22      By its question, the referring court asks, in essence, whether Article 45 TFEU and Article 7(1) of Regulation No 492/2011 are to be interpreted as precluding national legislation under which, in determining the reference date for the purposes of the advancement of an employee of a local or regional authority to the next pay step in his grade, account is to be taken of all uninterrupted periods of service completed with that authority, but of only a proportion of any other periods of service.

23      Article 45(2) TFEU prohibits any discrimination based on nationality between workers of the Member States as regards employment, remuneration or other conditions of work and employment. Article 7(1) of Regulation No 492/2011 constitutes merely the specific expression of the principle of non-discrimination laid down in Article 45(2) TFEU within the specific field of conditions of employment and work and must therefore be interpreted in the same way as Article 45(2) TFEU (Case C‑371/04 Commission v Italy [2006] ECR I‑10257, paragraph 17 and the case-law cited).

24      Indisputably, given that it affects workers’ remuneration, determination of the reference date for the purposes of advancement falls within the material scope of the provisions cited in the preceding paragraph.

25      The equal treatment rule laid down in Article 45 TFEU and in Article 7 of Regulation No 492/2011 prohibits not only overt discrimination by reason of nationality but also all covert forms of discrimination which, through the application of other distinguishing criteria, lead in fact to the same result (see, inter alia, Case C‑237/94 O’Flynn [1996] ECR I‑2617, paragraph 17, and Case C‑172/11 Erny [2012] ECR, paragraph 39).

26      Unless objectively justified and proportionate to the aim pursued, a provision of national law – even if it applies regardless of nationality – must be regarded as indirectly discriminatory if it is intrinsically liable to affect migrant workers more than national workers and if there is a consequent risk that it will place the former at a particular disadvantage (see, to that effect, Case C‑269/07 Commission v Germany [2009] ECR I‑7811, paragraph 54 and the case-law cited).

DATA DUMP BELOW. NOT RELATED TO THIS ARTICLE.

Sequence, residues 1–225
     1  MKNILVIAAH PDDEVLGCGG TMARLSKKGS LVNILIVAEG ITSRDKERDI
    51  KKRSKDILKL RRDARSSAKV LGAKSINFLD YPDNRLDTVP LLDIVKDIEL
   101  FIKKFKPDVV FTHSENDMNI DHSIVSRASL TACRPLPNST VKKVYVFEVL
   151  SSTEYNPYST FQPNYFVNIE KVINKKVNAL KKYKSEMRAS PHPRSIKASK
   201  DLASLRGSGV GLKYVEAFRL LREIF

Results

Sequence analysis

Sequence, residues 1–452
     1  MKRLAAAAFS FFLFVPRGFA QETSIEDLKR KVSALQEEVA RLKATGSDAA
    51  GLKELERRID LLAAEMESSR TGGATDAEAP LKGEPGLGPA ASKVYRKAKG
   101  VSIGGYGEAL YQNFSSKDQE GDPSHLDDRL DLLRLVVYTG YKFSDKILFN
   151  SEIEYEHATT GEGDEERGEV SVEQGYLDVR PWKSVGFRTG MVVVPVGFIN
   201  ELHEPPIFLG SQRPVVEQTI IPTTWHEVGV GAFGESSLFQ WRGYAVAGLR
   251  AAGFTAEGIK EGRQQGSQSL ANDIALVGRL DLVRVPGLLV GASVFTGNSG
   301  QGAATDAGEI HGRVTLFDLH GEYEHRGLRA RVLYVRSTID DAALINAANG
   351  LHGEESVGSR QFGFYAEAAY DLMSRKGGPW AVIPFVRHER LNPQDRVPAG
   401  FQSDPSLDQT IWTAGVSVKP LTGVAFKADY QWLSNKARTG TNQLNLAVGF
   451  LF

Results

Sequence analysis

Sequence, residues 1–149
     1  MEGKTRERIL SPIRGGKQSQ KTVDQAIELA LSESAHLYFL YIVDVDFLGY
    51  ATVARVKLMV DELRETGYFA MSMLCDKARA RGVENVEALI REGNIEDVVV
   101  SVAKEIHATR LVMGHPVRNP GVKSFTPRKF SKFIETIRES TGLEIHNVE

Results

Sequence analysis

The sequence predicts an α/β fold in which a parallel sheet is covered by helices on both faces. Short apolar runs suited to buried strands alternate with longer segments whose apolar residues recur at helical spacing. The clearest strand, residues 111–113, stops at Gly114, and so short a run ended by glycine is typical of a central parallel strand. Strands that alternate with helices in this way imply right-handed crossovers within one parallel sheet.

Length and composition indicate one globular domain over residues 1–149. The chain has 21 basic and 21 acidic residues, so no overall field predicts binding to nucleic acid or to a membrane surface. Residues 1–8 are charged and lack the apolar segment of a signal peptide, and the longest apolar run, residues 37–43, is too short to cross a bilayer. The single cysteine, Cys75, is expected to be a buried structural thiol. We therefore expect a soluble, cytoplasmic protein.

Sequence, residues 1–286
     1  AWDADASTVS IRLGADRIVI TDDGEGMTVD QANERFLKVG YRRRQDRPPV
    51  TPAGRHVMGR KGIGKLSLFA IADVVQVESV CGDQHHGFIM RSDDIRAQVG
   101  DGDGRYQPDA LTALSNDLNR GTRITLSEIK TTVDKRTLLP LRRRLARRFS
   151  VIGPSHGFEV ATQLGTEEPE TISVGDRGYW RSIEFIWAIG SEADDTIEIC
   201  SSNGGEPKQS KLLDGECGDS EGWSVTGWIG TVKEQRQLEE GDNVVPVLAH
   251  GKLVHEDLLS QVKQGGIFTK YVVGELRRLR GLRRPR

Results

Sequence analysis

27      In order for a measure to be treated as being indirectly discriminatory, it is not necessary for it to have the effect of placing at an advantage all the nationals of the State in question or of placing at a disadvantage only nationals of other Member States, but not nationals of the State in question (Erny, paragraph 41 and the case-law cited).

28      In the present case, by refusing to take into account in their entirety any relevant periods of service that a migrant worker has completed with an employer established in a Member State other than the Republic of Austria, the national legislation at issue in the main proceedings is liable to affect migrant workers more than national workers, placing the former at a particular disadvantage as they will in all likelihood have accrued professional experience in a Member State other than the Republic of Austria before entering the employ of Land Salzburg. Thus, a migrant worker who has accrued relevant professional experience with employers established in a Member State other than the Republic of Austria and whose professional experience with those employers is of the same length as the experience accrued by a worker who has spent his entire career working for Land Salzburg will be placed on a lower pay step than the latter.